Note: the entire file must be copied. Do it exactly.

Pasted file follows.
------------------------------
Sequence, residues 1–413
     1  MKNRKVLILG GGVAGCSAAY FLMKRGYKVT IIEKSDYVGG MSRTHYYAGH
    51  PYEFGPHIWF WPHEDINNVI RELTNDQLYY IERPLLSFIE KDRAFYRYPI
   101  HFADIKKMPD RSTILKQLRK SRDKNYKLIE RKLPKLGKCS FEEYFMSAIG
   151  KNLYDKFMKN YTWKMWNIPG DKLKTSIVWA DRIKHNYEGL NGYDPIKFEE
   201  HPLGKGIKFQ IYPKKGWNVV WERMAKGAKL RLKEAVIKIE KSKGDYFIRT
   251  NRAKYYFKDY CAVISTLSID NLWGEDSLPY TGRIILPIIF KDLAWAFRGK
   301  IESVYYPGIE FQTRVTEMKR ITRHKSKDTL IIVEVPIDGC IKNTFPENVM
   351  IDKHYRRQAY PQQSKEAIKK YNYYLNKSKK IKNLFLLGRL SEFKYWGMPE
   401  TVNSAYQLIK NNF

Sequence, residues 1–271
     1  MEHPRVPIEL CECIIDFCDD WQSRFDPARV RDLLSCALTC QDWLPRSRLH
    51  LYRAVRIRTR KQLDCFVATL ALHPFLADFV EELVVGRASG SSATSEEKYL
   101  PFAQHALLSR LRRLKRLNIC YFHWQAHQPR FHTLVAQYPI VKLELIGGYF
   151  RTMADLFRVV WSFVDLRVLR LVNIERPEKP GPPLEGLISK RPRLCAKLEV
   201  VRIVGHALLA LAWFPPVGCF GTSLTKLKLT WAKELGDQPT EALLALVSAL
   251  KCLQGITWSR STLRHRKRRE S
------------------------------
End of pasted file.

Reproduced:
Sequence, residues 1–413
     1  MKNRKVLILG GGVAGCSAAY FLMKRGYKVT IIEKSDYVGG MSRTHYYAGH
    51  PYEFGPHIWF WPHEDINNVI RELTNDQLYY IERPLLSFIE KDRAFYRYPI
   101  HFADIKKMPD RSTILKQLRK SRDKNYKLIE RKLPKLGKCS FEEYFMSAIG
   151  KNLYDKFMKN YTWKMWNIPG DKLKTSIVWA DRIKHNYEGL NGYDPIKFEE
   201  HPLGKGIKFQ IYPKKGWNVV WERMAKGAKL RLKEAVIKIE KSKGDYFIRT
   251  NRAKYYFKDY CAVISTLSID NLWGEDSLPY TGRIILPIIF KDLAWAFRGK
   301  IESVYYPGIE FQTRVTEMKR ITRHKSKDTL IIVEVPIDGC IKNTFPENVM
   351  IDKHYRRQAY PQQSKEAIKK YNYYLNKSKK IKNLFLLGRL SEFKYWGMPE
   401  TVNSAYQLIK NNF

Sequence, residues 1–271
     1  MEHPRVPIEL CECIIDFCDD WQSRFDPARV RDLLSCALTC QDWLPRSRLH
    51  LYRAVRIRTR KQLDCFVATL ALHPFLADFV EELVVGRASG SSATSEEKYL
   101  PFAQHALLSR LRRLKRLNIC YFHWQAHQPR FHTLVAQYPI VKLELIGGYF
   151  RTMADLFRVV WSFVDLRVLR LVNIERPEKP GPPLEGLISK RPRLCAKLEV
   201  VRIVGHALLA LAWFPPVGCF GTSLTKLKLT WAKELGDQPT EALLALVSAL
   251  KCLQGITWSR STLRHRKRRE S